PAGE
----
Riviera wants the U.S. Open. To get its wish, the storied Los
Angeles club is enduring a makeover by turfmaster Paul Latshaw.
"I love it," says Latshaw (left), who's tackling the task of
rehabbing Riviera the way his hero George Patton approached
warfare. "I'd do it 24 hours a day if I could."
This is an article from the May 4, 1998 issue
In 1994 Noboru Watanabe, Riviera's owner, hired Ben Crenshaw and
Bill Coore to rebuild the club's decaying greens for the '95
PGA. The sod didn't take, and the greens got worse. To stay in
the running for future majors, Riviera offered to host a U.S.
Senior Open, a so-called poison pill that can leave its host
club deep in the red. "The 1995 Senior Open cost us more than
$700,000, but it was worth it," says Ed Burke, former president
of Congressional Country Club in Bethesda, Md., "We put on a
good tournament, got the '97 U.S. Open and made two to three
million." Following Congressional's lead, Riviera took on this
year's Senior Open and promptly borrowed Latshaw, who had
transformed Congressional's ice-damaged Blue Course into what
Jack Nicklaus called the best-manicured layout he had ever seen.
The son of a Pennsylvania Dutch poultry farmer, Latshaw studied
agronomy at Penn State. He made his name by prepping Oakmont's
fairways for the '78 PGA--replacing bluegrass with bentgrass,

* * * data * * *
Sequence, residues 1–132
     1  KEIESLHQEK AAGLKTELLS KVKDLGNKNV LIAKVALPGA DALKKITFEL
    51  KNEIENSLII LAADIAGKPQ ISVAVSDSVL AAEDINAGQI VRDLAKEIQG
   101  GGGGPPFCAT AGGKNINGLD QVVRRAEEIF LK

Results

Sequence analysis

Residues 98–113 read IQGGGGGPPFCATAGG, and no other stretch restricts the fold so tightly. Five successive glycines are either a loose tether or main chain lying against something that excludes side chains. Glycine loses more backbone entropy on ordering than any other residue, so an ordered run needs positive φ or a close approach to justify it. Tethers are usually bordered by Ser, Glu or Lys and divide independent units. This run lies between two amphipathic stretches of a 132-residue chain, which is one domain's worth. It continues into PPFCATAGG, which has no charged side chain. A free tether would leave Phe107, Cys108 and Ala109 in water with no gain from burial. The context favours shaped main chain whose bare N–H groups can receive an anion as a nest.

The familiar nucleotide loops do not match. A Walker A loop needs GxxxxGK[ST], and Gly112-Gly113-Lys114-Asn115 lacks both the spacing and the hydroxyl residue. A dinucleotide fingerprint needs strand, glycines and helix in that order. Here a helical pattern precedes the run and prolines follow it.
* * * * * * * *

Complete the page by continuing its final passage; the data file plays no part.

then aerating fairways with machines normally used on greens and
cutting them with triplex mowers instead of tractors. Latshaw
would move on to Augusta National, where he was superintendent
for the Masters from 1986 to '89, and Congressional, where he
put 75 volunteers to work hand-mowing fairways for last year's
Now splitting time between his office at Congressional and a
golf cart 3,000 miles away, Latshaw spends five days a week in
California directing his troops, whipping Riviera into shape for
the July 23-26 Senior Open. He has introduced computerized
weather forecasts and new wrinkles in irrigation at Riviera, and
replaced some or all of the sand in each of the course's 57
bunkers. What was wrong with the old sand? "It was dirty,"
"The course looks fantastic," says Senior Open chairman Dan
Stevenson. A good showing by Riviera in July may restore the
prestige of Hogan's Alley and bring a multimillion-dollar U.S.
Open bonanza early next century. A happy ending? Perhaps, but
there's a dirty secret here too. Workaholic Latshaw may have
saved Riviera, but he hasn't kept a few patches of crabgrass
from sneaking into his lawn at home.